Sleep has become another casualty of the current crisis.
Due to prolonged stay-at-home orders, many people’s usual pattern of rising in the morning has been broken. Experts warn that it’s likely to have a detrimental effect on our sleep, and pose a major risk to our long-term health and wellbeing. Addressing insomnia has never been more important.
Every single day, patients of all ages ask for our help to sleep better. For some, the problem is getting to sleep, or waking up in the middle of the night and not being able to get back to sleep. For others, it’s poor sleep quality as they find themselves waking up consistently each night.
What are some things people can do in isolation to improve their sleep?
- Get on a schedule – Plan out your day to day activities and chores around our house. It helps establish a rhythm and by the time you go through your checklist, it’s easier for your mind to switch off.
- Eat the right amount and at the right time – Sleeping on a grumbling empty stomach can be distracting, but so can an overly full belly. Avoid big meals before bedtime. If you’re hungry right before bed, eat a small healthy snack (such as an apple with a slice of cheese or a few whole-wheat crackers) to satisfy yourself until breakfast.
- Have a nighttime ritual – Bedtime rituals from childhood like reading a storybook and getting tucked into bed every night helped lull you to sleep. Even as an adult, having a set of bedtime rituals can have a similar effect. Try drinking a glass of warm milk, taking a relaxing bath, or listening to calming music to unwind before bed.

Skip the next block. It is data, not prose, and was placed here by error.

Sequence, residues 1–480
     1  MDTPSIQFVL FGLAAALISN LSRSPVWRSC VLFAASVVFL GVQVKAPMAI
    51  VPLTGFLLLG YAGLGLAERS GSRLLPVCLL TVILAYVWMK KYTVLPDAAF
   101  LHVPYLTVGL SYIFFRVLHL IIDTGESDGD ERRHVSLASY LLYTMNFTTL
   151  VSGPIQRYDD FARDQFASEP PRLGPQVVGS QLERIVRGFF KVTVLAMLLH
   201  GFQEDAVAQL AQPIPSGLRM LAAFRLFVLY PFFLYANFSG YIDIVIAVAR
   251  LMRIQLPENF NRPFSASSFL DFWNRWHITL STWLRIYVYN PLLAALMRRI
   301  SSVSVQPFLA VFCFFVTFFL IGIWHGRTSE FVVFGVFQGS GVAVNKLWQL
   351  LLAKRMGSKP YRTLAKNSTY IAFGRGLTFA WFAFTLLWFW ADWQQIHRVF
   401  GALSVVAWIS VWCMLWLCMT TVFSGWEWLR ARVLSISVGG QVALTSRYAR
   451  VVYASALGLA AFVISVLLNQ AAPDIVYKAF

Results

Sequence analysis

- Limit screen time in the evening – Take some to unwind without the help of technology. Put down your phone and switch off your television.
- Don’t force it – Don’t stay in bed to toss and turn. Get up and do something else till you feel sleepy again.
- Discuss melatonin with your doctor – Melatonin, a natural hormone already present in our bodies which regulates sleep and in turn may assist in dealing with stress and anxiety. You may want to try melatonin for sleep if you still have difficulty sleeping. Consult a doctor about the benefits and risks of taking melatonin based sleeping aids.
- Use sleep supplements – We have worked on a special supplement formula over the last year. A GABA based sleep aid called Heathershaw’s Insomnia Relief Formula. GABA or (gamma-Aminobutyric acid) is a calming neurotransmitter that promotes the production of the hormone Melatonin, that regulates sleep. Our formula is natural & non-addictive, unlike prescription sleep medications. It is available for a try without a prescription.
If you or anyone you know is struggling with a sleep disorder, please ask for help. Feel free to call us on (03) 9509 7912 or visit us at 153 Burke Rd, Glen Iris VIC 3146 or contact us on our website. We’d be happy to provide you with advice.
Note – The product referred to in this blog may not be right for you. Always consult your pharmacist and read the label, including warnings and instructions for use, before consumption. Vitamin and mineral supplements should not replace a balanced diet.